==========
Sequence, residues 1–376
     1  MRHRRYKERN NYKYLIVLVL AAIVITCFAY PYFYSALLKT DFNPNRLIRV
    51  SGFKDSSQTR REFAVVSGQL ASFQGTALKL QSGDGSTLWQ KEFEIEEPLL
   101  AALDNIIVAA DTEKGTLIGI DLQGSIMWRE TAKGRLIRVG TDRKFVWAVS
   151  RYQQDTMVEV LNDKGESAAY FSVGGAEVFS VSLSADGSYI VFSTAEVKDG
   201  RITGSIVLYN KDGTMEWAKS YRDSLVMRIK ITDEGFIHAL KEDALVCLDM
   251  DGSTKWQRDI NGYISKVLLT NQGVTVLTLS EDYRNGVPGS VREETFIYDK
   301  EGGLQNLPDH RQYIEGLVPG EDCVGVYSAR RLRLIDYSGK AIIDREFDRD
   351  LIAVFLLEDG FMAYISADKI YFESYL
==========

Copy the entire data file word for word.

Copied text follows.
Sequence, residues 1–376
     1  MRHRRYKERN NYKYLIVLVL AAIVITCFAY PYFYSALLKT DFNPNRLIRV
    51  SGFKDSSQTR REFAVVSGQL ASFQGTALKL QSGDGSTLWQ KEFEIEEPLL
   101  AALDNIIVAA DTEKGTLIGI DLQGSIMWRE TAKGRLIRVG TDRKFVWAVS
   151  RYQQDTMVEV LNDKGESAAY FSVGGAEVFS VSLSADGSYI VFSTAEVKDG
   201  RITGSIVLYN KDGTMEWAKS YRDSLVMRIK ITDEGFIHAL KEDALVCLDM
   251  DGSTKWQRDI NGYISKVLLT NQGVTVLTLS EDYRNGVPGS VREETFIYDK
   301  EGGLQNLPDH RQYIEGLVPG EDCVGVYSAR RLRLIDYSGK AIIDREFDRD
   351  LIAVFLLEDG FMAYISADKI YFESYL